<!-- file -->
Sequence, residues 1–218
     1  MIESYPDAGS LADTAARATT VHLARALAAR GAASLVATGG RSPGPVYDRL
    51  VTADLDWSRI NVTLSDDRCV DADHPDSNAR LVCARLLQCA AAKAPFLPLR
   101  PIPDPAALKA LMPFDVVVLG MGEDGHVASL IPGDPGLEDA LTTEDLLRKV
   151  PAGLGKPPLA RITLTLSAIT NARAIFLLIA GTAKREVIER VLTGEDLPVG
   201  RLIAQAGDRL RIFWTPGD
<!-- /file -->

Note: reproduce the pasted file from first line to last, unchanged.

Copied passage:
Sequence, residues 1–218
     1  MIESYPDAGS LADTAARATT VHLARALAAR GAASLVATGG RSPGPVYDRL
    51  VTADLDWSRI NVTLSDDRCV DADHPDSNAR LVCARLLQCA AAKAPFLPLR
   101  PIPDPAALKA LMPFDVVVLG MGEDGHVASL IPGDPGLEDA LTTEDLLRKV
   151  PAGLGKPPLA RITLTLSAIT NARAIFLLIA GTAKREVIER VLTGEDLPVG
   201  RLIAQAGDRL RIFWTPGD